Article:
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Virus Evol. 2018 Sep 18;4(2):vey024. doi: 10.1093/ve/vey024. eCollection 2018 Jul.

Inferring the age difference in HIV transmission pairs by applying phylogenetic methods on the HIV transmission network of the Swiss HIV Cohort Study.

Author information

1
Division of Infectious Diseases and Hospital Epidemiology, University Hospital Zürich, Rämistrasse 100, Zürich, Switzerland.
2
Institute of Medical Virology, University of Zürich, Winterthurerstrasse 190, Zürich, Switzerland.
3
Division of Infectious Diseases and Hospital Epidemiology, University Hospital Basel, Petersgraben 4, CH-4031 Basel; University of Basel, Petersplatz 1, Basel, Switzerland.
4
Division of Infectious Diseases, Regional Hospital Lugano, Via Tesserete 46, Lugano, Switzerland.
5
Laboratory of Virology and Division of Infectious Diseases, Genève University Hospital, Rue Gabrielle-Perret-Gentil 4, CH-1205 Genève; University of Genève, 24 rue du Général-Dufour, Genève, Switzerland.
6
Division of Infectious Diseases, Lausanne University Hospital, Rue du Bugnon 46, Lausanne, Switzerland.
7
Division of Infectious Diseases, Cantonal Hospital St Gallen, Rorschacher Strasse 95, St. Gallen, Switzerland.
8
Molecular Virology, Department of Biomedicine, University of Basel, Petersplatz 10, Basel, Switzerland.
9
Clinic for Infectious Diseases, Bern University Hospital, Freiburgstrasse 18, Bern; University of Bern, Hochschulstrasse 6, CH-3012 Bern, Switzerland.

Abstract

Age-mixing patterns are of key importance for understanding the dynamics of human immunodeficiency virus (HIV)-epidemics and target public health interventions. We use the densely sampled Swiss HIV Cohort Study (SHCS) resistance database to study the age difference at infection in HIV transmission pairs using phylogenetic methods. In addition, we investigate whether the mean age difference of pairs in the phylogenetic tree is influenced by sampling as well as by additional distance thresholds for including pairs. HIV-1 pol-sequences of 11,922 SHCS patients and approximately 240,000 Los Alamos background sequences were used to build a phylogenetic tree. Using this tree, 100 per cent down to 1 per cent of the tips were sampled repeatedly to generate pruned trees (N = 500 for each sample proportion), of which pairs of SHCS patients were extracted. The mean of the absolute age differences of the pairs, measured as the absolute difference of the birth years, was analyzed with respect to this sample proportion and a distance criterion for inclusion of the pairs. In addition, the transmission groups men having sex with men (MSM), intravenous drug users (IDU), and heterosexuals (HET) were analyzed separately. Considering the tree with all 11,922 SHCS patients, 2,991 pairs could be extracted, with 954 (31.9 per cent) MSM-pairs, 635 (21.2 per cent) HET-pairs, 414 (13.8 per cent) IDU-pairs, and 352 (11.8 per cent) HET/IDU-pairs. For all transmission groups, the age difference at infection was significantly (P < 0.001) smaller for pairs in the tree compared with randomly assigned pairs, meaning that patients of similar age are more likely to be pairs. The mean age difference in the phylogenetic analysis, using a fixed distance of 0.05, was 9.2, 9.0, 7.3 and 5.6 years for MSM-, HET-, HET/IDU-, and IDU-pairs, respectively. Decreasing the cophenetic distance threshold from 0.05 to 0.01 significantly decreased the mean age difference. Similarly, repeated sampling of 100 per cent down to 1 per cent of the tips revealed an increased age difference at lower sample proportions. HIV-transmission is age-assortative, but the age difference of transmission pairs detected by phylogenetic analyses depends on both sampling proportion and distance criterion. The mean age difference decreases when using more conservative distance thresholds, implying an underestimation of age-assortativity when using liberal distance criteria. Similarly, overestimation of the mean age difference occurs for pairs from sparsely sampled trees, as it is often the case in sub-Saharan Africa.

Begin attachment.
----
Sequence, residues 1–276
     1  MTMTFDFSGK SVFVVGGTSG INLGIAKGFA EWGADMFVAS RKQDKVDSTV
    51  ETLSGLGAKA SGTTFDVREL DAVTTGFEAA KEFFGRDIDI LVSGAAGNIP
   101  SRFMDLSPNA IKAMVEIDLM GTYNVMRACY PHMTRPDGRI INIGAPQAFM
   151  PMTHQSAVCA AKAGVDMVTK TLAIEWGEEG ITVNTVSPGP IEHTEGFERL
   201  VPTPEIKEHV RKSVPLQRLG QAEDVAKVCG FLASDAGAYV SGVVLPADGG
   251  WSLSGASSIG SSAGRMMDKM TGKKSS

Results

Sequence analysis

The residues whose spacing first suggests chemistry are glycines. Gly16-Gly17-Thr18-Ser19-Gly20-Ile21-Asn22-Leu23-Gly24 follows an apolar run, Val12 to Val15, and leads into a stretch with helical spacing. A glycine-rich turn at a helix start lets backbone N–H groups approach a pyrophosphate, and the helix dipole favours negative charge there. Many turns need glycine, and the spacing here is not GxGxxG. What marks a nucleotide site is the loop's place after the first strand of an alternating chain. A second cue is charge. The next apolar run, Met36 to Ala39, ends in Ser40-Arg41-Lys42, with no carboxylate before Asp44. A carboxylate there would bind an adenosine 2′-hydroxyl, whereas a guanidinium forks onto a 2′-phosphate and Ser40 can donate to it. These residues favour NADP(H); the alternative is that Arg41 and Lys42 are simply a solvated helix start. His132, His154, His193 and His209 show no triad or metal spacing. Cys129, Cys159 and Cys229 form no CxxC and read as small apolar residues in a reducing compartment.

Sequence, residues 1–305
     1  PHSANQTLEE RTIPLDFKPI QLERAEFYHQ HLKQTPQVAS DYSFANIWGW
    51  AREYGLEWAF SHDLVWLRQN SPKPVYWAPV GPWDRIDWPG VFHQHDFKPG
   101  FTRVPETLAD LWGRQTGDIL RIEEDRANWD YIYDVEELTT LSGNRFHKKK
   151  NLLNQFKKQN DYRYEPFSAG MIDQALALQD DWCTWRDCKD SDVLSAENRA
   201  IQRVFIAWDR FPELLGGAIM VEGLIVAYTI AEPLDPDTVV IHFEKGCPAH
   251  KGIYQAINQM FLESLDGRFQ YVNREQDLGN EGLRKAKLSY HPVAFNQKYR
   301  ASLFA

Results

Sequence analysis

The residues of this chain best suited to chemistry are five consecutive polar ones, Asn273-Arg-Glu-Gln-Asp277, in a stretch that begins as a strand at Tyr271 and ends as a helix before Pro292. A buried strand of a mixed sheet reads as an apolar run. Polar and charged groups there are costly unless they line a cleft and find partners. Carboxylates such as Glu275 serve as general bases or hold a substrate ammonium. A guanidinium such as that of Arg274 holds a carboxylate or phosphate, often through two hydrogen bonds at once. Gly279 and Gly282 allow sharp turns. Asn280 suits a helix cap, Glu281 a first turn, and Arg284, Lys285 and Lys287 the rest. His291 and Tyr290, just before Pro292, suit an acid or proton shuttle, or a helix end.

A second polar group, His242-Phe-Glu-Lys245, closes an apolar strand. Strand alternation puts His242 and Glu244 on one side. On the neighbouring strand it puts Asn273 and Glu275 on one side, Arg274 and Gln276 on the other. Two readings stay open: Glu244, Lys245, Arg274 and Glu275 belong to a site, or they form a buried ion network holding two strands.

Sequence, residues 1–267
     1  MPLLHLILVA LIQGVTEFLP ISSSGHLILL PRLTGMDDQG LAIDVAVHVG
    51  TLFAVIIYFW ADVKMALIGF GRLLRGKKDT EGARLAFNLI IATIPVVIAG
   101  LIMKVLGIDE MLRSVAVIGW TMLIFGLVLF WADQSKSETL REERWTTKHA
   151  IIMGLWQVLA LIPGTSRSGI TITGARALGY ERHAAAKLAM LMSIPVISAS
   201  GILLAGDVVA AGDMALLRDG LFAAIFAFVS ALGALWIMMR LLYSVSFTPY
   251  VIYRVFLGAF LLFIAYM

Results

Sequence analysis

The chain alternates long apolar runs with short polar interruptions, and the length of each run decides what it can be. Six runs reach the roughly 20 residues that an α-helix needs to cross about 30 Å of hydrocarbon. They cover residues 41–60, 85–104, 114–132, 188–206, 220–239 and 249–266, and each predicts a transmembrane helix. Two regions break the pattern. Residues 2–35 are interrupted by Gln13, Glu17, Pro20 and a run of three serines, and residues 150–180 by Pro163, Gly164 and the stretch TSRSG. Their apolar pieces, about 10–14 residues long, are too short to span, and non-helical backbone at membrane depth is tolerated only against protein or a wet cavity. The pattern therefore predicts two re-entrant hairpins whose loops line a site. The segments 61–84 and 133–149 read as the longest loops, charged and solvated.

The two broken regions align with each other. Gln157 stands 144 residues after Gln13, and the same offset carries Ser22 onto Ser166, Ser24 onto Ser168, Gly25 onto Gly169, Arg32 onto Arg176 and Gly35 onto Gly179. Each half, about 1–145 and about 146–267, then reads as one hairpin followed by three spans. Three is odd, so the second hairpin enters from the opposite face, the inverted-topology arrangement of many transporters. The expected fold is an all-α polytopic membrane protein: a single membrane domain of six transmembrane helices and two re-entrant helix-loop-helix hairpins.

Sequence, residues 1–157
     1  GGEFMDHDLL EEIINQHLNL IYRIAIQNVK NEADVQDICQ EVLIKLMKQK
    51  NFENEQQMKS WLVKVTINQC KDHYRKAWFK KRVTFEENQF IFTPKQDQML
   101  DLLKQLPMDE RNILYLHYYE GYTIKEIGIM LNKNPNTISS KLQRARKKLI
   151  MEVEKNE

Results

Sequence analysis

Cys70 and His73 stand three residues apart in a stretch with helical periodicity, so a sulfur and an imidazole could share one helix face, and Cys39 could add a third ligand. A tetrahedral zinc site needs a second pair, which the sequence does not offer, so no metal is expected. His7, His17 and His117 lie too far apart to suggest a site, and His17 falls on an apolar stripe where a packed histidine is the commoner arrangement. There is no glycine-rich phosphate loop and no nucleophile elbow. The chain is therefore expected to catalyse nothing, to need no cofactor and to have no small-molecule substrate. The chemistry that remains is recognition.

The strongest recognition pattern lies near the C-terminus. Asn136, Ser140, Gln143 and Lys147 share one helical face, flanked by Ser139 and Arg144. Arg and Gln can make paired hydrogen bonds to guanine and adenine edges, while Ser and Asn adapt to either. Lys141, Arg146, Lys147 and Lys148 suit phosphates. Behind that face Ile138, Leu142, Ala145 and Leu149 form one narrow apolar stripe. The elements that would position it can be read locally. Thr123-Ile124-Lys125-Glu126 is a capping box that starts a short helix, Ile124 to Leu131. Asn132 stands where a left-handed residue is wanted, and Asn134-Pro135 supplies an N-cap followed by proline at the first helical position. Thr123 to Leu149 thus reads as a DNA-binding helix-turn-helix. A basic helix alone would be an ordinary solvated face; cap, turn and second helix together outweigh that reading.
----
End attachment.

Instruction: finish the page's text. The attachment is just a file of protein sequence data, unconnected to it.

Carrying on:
KEYWORDS:

HIV; age structure; cophenetic distance; phylogenies; sampling

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